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(Date Class) Create a class called Date that includes three instance variables—a month (type int), a day (type int), and a year (type int), the initial value of the date is 1/1/1970. Provide a set and a get method for each instance variable. Validate the year to be between 1-3000, validate
the month and the day, and Provide a method displayDate that displays the month, day and year separated by forward slashes (/). Write a test app named DateTest that demonstrates class Date’s capabilities. Write a testing class. Also find the leap year whether there are 28 or 29 days in a month using switch case.

What I have tried:

public class Date {
	int month=1;
	int day=1;
	int year=1970;
	void setMonth(int m) {
		if (m>=1 && m<=12)
	void setDay(int d) {
			switch(month) {
			case 1: case 3: case 5: case 7: case 8: case 10: case 12:
				if (d<=31) {
			case 4: case 6: case 9: case 11:
				if (d<=30) {

//This part isn't working which is the leap year part. When I try putting 29 //in February of a leap year such as 2002 it shows 29/2/2002 which is wrong //as there is only 28 days in February of 2002.

			case 2:
				if ((year%400==0) || ((year % 4 ==0) && (year %100!=0)) &&  day<=29){
					if (day<=28) {

	void setYear(int y) {
		if (y>=1 && y<=3000)
	int getMonth() {
		return month;
	int getDay() {
		return day;
	int getYear() {
		return year;
	void DisplayDate() {
Updated 19-Sep-22 21:35pm
CPallini 19-Sep-22 3:10am    
And what is the problem with your code (other than you only check for day > 1 on leap february, and this check is also wrong) ?
Cloverr 20-Sep-22 3:02am    
the leap year part, if and else isn't working
Richard MacCutchan 19-Sep-22 4:34am    
You do not take any action in your setters if the values are out of range. You should either display a message or throw an exception.

Compiling does not mean your code is right! :laugh:
Think of the development process as writing an email: compiling successfully means that you wrote the email in the right language - English, rather than German for example - not that the email contained the message you wanted to send.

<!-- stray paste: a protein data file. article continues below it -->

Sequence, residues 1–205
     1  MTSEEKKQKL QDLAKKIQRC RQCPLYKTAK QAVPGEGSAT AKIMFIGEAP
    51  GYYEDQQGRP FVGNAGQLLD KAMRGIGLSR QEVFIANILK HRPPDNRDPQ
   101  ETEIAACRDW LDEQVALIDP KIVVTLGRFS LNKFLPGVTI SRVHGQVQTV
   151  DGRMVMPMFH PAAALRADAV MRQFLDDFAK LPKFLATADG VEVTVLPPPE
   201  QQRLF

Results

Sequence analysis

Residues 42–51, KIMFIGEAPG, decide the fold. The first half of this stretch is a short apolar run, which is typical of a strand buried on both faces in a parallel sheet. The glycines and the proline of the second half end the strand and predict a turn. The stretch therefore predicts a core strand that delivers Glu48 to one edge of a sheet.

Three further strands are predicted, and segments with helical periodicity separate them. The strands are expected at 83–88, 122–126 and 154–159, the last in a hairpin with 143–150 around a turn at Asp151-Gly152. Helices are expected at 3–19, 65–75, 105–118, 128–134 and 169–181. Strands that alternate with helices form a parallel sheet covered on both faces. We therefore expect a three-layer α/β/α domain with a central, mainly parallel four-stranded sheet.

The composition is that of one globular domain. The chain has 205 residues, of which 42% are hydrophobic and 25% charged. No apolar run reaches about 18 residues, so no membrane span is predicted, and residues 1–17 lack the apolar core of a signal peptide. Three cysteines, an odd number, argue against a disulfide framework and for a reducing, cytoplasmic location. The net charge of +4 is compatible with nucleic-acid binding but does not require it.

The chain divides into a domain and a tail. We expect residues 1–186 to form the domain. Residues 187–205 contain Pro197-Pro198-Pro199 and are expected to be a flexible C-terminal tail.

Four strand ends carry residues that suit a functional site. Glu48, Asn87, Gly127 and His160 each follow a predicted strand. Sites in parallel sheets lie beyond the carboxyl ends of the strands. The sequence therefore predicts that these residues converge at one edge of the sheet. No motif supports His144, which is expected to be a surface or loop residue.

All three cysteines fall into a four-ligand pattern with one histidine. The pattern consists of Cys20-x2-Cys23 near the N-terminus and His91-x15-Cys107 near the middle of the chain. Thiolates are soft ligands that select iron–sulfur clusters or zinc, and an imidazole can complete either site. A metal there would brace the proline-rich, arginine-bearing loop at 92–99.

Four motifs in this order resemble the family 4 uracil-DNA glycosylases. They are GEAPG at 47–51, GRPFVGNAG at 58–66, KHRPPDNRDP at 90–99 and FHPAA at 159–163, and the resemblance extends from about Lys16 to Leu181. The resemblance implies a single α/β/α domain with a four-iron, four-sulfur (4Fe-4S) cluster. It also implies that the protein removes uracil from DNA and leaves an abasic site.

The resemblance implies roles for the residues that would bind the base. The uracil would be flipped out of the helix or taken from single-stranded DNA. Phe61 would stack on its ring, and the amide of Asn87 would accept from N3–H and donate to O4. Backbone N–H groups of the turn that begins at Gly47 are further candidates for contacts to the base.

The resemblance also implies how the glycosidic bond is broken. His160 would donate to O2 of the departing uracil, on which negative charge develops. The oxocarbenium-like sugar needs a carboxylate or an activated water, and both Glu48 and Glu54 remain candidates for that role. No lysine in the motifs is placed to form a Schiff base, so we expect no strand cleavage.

So now you enter the second stage of development (in reality it's the fourth or fifth, but you'll come to the earlier stages later): Testing and Debugging.

Start by looking at what it does do, and how that differs from what you wanted. This is important, because it give you information as to why it's doing it. For example, if a program is intended to let the user enter a number and it doubles it and prints the answer, then if the input / output was like this:
Input   Expected output    Actual output
  1            2                 1
  2            4                 4
  3            6                 9
  4            8                16
Then it's fairly obvious that the problem is with the bit which doubles it - it's not adding itself to itself, or multiplying it by 2, it's multiplying it by itself and returning the square of the input.
So with that, you can look at the code and it's obvious that it's somewhere here:
int Double(int value)
   return value * value;

Once you have an idea what might be going wrong, start using the debugger to find out why. Put a breakpoint on the first line of the method, and run your app. When it reaches the breakpoint, the debugger will stop, and hand control over to you. You can now run your code line-by-line (called "single stepping") and look at (or even change) variable contents as necessary (heck, you can even change the code and try again if you need to).
Think about what each line in the code should do before you execute it, and compare that to what it actually did when you use the "Step over" button to execute each line in turn. Did it do what you expect? If so, move on to the next line.
If not, why not? How does it differ?
Hopefully, that should help you locate which part of that code has a problem, and what the problem is.
This is a skill, and it's one which is well worth developing as it helps you in the real world as well as in development. And like all skills, it only improves by use!
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the leap year part, if and else isn't working
Nope, the leap year test is correct.

However you should take care to re-check the date every time a setter is called. For instance, if you set the day 29 when the year is 2000 and the month is 2, it is fine. Yet, if you later change the year (say to 2017) the you have to check again all the variables, since 29 Feb 2017 is not allowed.
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